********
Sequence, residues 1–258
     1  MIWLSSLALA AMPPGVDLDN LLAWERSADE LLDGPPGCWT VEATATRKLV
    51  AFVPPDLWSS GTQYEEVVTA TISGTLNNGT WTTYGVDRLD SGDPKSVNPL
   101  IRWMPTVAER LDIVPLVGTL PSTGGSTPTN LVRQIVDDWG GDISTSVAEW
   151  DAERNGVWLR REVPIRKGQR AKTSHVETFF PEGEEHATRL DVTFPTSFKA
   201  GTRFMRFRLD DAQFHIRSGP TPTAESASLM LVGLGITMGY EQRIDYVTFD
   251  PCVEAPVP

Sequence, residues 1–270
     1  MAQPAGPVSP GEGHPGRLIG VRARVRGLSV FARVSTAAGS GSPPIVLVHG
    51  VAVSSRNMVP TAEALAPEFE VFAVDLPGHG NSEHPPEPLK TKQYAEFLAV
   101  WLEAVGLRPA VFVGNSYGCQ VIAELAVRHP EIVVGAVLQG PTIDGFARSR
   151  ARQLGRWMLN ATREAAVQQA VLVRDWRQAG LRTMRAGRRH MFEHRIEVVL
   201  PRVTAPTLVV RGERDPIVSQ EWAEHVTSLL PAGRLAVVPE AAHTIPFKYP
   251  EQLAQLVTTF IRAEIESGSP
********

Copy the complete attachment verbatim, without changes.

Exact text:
Sequence, residues 1–258
     1  MIWLSSLALA AMPPGVDLDN LLAWERSADE LLDGPPGCWT VEATATRKLV
    51  AFVPPDLWSS GTQYEEVVTA TISGTLNNGT WTTYGVDRLD SGDPKSVNPL
   101  IRWMPTVAER LDIVPLVGTL PSTGGSTPTN LVRQIVDDWG GDISTSVAEW
   151  DAERNGVWLR REVPIRKGQR AKTSHVETFF PEGEEHATRL DVTFPTSFKA
   201  GTRFMRFRLD DAQFHIRSGP TPTAESASLM LVGLGITMGY EQRIDYVTFD
   251  PCVEAPVP

Sequence, residues 1–270
     1  MAQPAGPVSP GEGHPGRLIG VRARVRGLSV FARVSTAAGS GSPPIVLVHG
    51  VAVSSRNMVP TAEALAPEFE VFAVDLPGHG NSEHPPEPLK TKQYAEFLAV
   101  WLEAVGLRPA VFVGNSYGCQ VIAELAVRHP EIVVGAVLQG PTIDGFARSR
   151  ARQLGRWMLN ATREAAVQQA VLVRDWRQAG LRTMRAGRRH MFEHRIEVVL
   201  PRVTAPTLVV RGERDPIVSQ EWAEHVTSLL PAGRLAVVPE AAHTIPFKYP
   251  EQLAQLVTTF IRAEIESGSP